Stocks fell on Thursday as rising bond yields fueled concern about higher borrowing costs, offsetting earlier optimism about a $20 billion buyout of Hilton Hotels Corp.

General Motors Corp. dragged on the Dow. The largest U.S. automaker's shares fell in reaction to a steeper-than-expected drop in U.S. sales in June. On Thursday, Bear Stearns cut its recommendation on General Motors' stock.

Yields rose after stronger-than-expected data on the jobs market gave a boost to forecasts for Friday's non-farm payrolls report. The yield on the benchmark 10-year Treasury note rose to 5.10 percent from 5.05 percent late on Tuesday.

U.S. crude rose 59 cents to $72 a barrel, adding to concerns.

Ten-year yields are going up today and oil is rising, said Ryan Detrick, equities analyst at Schaeffer's Investment Research in Cincinnati.

The Dow Jones industrial average was down 42.52 points, or 0.31 percent, at 13,534.78. The Standard & Poor's 500 Index was down 1.23 points, or 0.08 percent, at 1,523.64. The Nasdaq Composite Index was down 1.42 points, or 0.05 percent, at 2,643.53.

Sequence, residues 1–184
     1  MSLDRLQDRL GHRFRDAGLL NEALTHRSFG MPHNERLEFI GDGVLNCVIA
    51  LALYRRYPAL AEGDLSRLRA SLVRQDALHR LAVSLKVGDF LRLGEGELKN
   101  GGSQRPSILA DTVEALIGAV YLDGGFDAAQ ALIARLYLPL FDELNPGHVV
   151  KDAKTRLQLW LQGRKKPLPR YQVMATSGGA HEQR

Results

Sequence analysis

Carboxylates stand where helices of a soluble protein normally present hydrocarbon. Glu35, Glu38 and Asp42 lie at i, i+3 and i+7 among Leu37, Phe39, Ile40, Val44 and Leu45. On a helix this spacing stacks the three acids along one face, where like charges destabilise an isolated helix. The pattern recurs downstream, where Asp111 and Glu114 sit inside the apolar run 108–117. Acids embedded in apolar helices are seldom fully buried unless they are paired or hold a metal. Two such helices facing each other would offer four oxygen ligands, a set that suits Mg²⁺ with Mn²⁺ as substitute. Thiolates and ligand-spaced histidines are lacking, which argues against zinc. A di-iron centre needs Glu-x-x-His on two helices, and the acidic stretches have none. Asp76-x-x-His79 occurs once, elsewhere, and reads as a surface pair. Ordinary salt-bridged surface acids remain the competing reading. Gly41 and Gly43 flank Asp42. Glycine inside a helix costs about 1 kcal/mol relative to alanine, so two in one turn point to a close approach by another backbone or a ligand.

Shares of Hilton rose 26.7 percent to $45.66 after U.S. private equity firm Blackstone Group on Tuesday agreed to buy the company for about $20 billion plus debt.

In economic news, the number of initial claims for U.S. jobless aid filed last week rose to a level higher than economists had forecast.

And U.S. private employers likely added 150,000 jobs in June, a report by ADP Employer Services, a private employment service, said. Economists surveyed by Reuters had expected the ADP report to show 100,000 new private sector jobs in June.

(Additional reporting by Rachel Breitman)